Skip Navigation
 
 
 
 

Letters

Sad Days Ahead?

After reading “Letters” in the last issue, I am writing to share some thoughts about house staff training and “patient ownership.”

As I reflect on my own house staff training at Johns Hopkins many years ago, it seems to me that we had a different attitude about patient care and continuity of care than that which is currently the “standard way” of training medical house staff in 2014. The Osler house staff tradition, as well as the department chair, i.e., A.M. Harvey, dictated that responsibility for our patients was a 24/7 responsibility. The concept of ownership of the patient was so ingrained in us at Hopkins that it carried over to later times — in my own case, over all my life.

Another concern I have is related to obtaining a consult on our patients. I make it clear to house staff that a consulting physician is a consult to those requesting the consult, not to the patient. It is then the responsibility of the patient’s primary doctor to transmit what he or she has been advised by the consulting physician to the patient. I have always agreed with Dr. Eugene Stead, who has many times said, “What this patient needs is a doctor.” The patient does not need several physicians taking care of them at the same time. I try to pass this concept on to house staff, but on many occasions, house staff are not available to discuss the patients, since it is their “day off” in the middle of the week, or they have to go to a clinic.

Based on my experience over the years, I am predicting that in the not-too-distant future, patients will not have a doctor but a cadre of physicians and/or other practitioners who manage them (and confuse them), excluding the physician who is responsible for the patient. This will be a rather sad day for medical education and for our patients.

C. Richard Conti ’60, M.D., MACC

Emeritus Professor of Medicine and Eminent Scholar Emeritus (Cardiology), University of Florida College of Medicine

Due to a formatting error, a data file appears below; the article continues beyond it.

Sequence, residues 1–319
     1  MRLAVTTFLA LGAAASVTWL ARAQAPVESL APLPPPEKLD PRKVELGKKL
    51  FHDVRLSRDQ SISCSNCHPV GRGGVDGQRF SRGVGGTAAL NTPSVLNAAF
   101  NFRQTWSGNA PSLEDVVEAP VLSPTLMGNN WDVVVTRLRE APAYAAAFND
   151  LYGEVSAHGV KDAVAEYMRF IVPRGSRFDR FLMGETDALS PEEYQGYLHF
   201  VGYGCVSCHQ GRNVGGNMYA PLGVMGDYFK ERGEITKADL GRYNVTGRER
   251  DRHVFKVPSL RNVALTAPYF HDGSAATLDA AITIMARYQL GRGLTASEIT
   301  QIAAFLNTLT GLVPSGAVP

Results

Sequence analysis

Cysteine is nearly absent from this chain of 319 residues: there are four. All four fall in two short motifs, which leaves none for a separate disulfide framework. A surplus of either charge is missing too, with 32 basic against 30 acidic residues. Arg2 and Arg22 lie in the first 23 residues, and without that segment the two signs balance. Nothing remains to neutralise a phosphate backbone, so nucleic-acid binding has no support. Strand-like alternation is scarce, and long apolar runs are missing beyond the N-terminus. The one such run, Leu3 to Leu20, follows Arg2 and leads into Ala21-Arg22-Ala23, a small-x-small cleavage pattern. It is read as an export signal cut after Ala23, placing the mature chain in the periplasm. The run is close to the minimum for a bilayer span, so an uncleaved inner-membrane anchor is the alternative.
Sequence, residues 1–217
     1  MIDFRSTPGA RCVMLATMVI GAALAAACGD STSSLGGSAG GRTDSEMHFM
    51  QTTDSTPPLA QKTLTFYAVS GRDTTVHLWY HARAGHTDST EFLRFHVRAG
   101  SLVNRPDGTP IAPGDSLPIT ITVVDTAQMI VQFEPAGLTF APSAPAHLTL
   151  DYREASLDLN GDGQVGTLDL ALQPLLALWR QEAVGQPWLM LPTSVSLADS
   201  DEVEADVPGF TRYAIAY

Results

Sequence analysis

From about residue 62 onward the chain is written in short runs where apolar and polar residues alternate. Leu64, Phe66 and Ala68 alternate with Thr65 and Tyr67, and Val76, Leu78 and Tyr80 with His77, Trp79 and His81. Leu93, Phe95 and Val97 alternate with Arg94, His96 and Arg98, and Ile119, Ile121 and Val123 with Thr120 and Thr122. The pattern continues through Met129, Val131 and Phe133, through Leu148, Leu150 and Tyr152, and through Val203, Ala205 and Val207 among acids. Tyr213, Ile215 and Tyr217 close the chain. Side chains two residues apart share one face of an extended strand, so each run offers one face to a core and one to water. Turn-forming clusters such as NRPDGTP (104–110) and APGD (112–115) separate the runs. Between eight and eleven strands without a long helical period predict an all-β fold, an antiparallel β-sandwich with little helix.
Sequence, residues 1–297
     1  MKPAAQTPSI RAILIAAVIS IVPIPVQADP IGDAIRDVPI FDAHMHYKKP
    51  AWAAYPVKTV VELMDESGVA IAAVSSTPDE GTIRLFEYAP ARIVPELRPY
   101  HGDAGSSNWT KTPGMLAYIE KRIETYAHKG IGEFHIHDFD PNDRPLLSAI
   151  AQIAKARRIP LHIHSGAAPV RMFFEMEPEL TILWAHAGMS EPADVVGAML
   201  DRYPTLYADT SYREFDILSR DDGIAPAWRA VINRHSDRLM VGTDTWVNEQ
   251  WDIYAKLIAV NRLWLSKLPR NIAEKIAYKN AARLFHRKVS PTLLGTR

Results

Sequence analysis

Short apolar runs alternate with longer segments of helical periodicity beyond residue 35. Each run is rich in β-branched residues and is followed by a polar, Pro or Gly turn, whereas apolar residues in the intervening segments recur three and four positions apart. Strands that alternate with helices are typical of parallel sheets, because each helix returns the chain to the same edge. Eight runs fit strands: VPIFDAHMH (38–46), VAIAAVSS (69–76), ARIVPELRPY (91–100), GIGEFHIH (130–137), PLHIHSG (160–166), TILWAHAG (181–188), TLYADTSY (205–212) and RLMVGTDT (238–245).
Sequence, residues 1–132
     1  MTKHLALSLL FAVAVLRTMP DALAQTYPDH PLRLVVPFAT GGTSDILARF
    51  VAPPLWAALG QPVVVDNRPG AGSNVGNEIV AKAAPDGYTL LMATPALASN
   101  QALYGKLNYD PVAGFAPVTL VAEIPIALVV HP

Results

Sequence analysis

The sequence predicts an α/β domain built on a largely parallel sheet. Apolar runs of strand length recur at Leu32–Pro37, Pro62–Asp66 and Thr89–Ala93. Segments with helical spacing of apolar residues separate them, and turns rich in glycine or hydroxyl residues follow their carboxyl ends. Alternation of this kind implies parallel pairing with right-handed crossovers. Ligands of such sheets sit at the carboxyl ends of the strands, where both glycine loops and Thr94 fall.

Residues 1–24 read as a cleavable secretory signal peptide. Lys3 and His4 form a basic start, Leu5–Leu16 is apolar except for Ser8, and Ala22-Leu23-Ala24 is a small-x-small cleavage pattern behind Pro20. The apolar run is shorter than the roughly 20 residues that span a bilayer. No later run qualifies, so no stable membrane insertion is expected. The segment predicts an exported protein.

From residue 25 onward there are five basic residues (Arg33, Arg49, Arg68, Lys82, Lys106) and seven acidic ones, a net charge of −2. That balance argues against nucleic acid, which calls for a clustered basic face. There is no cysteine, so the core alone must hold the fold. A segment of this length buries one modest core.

We Heard You!

In October, we sent a short email survey to about 17,000 readers of Hopkins Medicine magazine, asking for feedback on everything from the quality of our writing and design to the most memorable stories of 2014. In response to our question “What is it you like most about the magazine?” the responses ran the gamut. A sampling:

  • It keeps me connected to the place where I trained for six years and remained on the faculty for an additional eight years. Hopkins was a huge and wonderful part of my life.
  • Short but sweet articles; well illustrated and personal.
  • It keeps me informed as to the wonderful world of constantly developing new understanding in human medicine.
  • The depth and breadth of the articles as well as the highlighting of Hopkins faculty, residents, students and employees — together the individuals at Hopkins make it the great institution that it is. I also like the articles on Hopkins history for the same reason.
  • It is exciting to read about all of the advances made at Hopkins and the cutting-edge research underway.

Topics are current, informative and many times outside my area of expertise. But that’s a good thing, giving me new insights to topics I would never bother to investigate.

In reply to “What is it you like least?” Our readers had no shortage of opinions. Among them:

  • Sometimes too Hopkins-centric and doesn’t look at global issues that Hopkins faculty/alumni are working on.
  • I don’t admire articles that are boastful. A surgical procedure cannot be “perfected,” for example. Excellence should speak for itself.
  • Would like more stories on “regular” doctors who trained at JHH and are out in private practice.
  • Liberal political bias. 2. It’s understandable that the content is upbeat; however, it’s a little “rah-rah-cis-boom-bah” for my taste.
  • One can reduce the size of photographs that usually cover an entire page, and instead put more content there.
  • Sometimes the depth of the subject is deeper than I am able to completely comprehend. Please keep audience in mind.
  • Seldom are there any controversial topics.
  • Hate to throw them out after reading.

Thanks to all of you who took the time to reply to the survey; and rest assured that your comments and suggestions will guide us in our efforts to maintain the magazine’s excellence.  SD

 
 
 
 

© The Johns Hopkins University, The Johns Hopkins Hospital, and Johns Hopkins Health System. All rights reserved.